If carrying out the law does not make you pure in the sight of God (cf. Galatians 2:16), then neither will ascetic struggle and labor alone perfect you in God’s sight. We do indeed receive our grounding in virtue and check the activity of the passions through ascetic practice; but we are not initiated into the fullness of Christ through that alone. What, then, brings us to perfection? An ingrained faith in God, the ‘faith that makes real the things for which we hope’ (Hebrews 11:1), the faith whereby Abel offered to God a better sacrifice than Cain and was commended as righteous (cf. Hebrews 11:4), and whereby Abraham obeyed when he was called to go out and sojourn in the promised land (cf. Hebrews 11:8).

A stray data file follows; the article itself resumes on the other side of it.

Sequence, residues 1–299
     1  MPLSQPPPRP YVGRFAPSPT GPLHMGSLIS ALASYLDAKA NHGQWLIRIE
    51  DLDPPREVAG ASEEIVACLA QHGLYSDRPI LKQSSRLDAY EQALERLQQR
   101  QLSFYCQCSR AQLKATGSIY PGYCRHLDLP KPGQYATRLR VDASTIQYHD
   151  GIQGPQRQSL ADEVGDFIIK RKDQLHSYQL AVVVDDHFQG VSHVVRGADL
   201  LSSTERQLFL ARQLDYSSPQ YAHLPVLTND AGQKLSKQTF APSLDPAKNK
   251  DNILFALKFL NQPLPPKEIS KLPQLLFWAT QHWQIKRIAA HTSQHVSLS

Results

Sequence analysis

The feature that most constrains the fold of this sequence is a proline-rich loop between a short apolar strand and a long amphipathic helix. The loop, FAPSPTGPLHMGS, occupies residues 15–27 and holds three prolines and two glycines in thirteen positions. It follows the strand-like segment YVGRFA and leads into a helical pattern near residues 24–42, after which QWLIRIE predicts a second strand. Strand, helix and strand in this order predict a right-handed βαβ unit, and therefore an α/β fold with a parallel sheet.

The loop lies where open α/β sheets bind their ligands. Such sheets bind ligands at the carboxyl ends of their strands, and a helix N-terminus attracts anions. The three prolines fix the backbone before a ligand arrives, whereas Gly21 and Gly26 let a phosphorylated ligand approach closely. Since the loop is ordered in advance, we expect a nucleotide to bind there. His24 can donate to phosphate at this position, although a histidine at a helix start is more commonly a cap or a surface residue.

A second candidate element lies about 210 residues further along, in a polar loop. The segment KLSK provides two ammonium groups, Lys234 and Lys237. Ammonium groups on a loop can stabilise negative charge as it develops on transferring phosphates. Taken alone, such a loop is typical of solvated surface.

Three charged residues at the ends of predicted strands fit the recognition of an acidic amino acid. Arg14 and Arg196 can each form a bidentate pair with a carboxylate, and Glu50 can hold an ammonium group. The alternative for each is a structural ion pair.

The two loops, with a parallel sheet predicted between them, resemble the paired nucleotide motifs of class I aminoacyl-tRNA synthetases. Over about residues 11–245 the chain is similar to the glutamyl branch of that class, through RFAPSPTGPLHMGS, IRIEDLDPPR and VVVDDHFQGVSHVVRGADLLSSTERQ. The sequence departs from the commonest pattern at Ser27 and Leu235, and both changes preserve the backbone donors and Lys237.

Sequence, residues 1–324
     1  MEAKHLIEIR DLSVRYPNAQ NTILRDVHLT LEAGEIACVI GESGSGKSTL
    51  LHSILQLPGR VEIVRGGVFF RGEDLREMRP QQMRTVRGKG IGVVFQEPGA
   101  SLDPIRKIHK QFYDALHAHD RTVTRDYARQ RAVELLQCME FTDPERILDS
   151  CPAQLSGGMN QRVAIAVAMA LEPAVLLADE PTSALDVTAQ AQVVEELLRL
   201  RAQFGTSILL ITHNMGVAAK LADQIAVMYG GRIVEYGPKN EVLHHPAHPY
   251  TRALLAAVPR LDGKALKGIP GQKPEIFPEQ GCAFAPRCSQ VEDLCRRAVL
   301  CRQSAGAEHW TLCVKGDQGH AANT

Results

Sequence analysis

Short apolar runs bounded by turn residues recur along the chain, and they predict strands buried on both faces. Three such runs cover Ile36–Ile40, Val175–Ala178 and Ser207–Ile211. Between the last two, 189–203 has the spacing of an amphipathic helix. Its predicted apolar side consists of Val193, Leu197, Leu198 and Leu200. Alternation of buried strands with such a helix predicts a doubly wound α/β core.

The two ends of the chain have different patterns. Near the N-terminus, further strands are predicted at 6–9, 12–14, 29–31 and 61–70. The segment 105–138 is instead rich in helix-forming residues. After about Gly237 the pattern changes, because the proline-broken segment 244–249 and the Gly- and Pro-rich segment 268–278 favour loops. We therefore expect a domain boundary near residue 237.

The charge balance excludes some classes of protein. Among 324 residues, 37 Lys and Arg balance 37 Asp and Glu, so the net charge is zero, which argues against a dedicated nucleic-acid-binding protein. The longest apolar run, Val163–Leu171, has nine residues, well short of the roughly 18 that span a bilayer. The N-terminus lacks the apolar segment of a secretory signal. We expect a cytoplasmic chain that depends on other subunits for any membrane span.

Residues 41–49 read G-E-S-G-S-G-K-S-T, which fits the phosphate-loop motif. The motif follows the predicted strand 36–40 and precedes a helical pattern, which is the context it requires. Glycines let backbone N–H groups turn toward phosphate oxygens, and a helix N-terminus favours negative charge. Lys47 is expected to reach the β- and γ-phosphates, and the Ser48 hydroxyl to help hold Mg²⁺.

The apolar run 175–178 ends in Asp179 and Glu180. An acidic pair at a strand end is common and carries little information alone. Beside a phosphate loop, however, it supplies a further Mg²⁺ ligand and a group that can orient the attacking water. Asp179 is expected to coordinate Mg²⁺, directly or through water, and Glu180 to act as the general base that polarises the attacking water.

It is such faith that fills those assiduous in the search for truth with great aspiration for the exalted gifts of God, and leads them to the spiritual knowledge of created beings; and it pours into their hearts the inexhaustible treasures of the Spirit, enabling them to bring thence new and old mysteries of God (cf. Matthew 13:52) and to reveal them to the needy. He who is blessed with such faith is initiated by love into the knowledge of God, and has entered into God’s rest, having ceased from all his labors as God did from His (cf. Hebrews 4:10).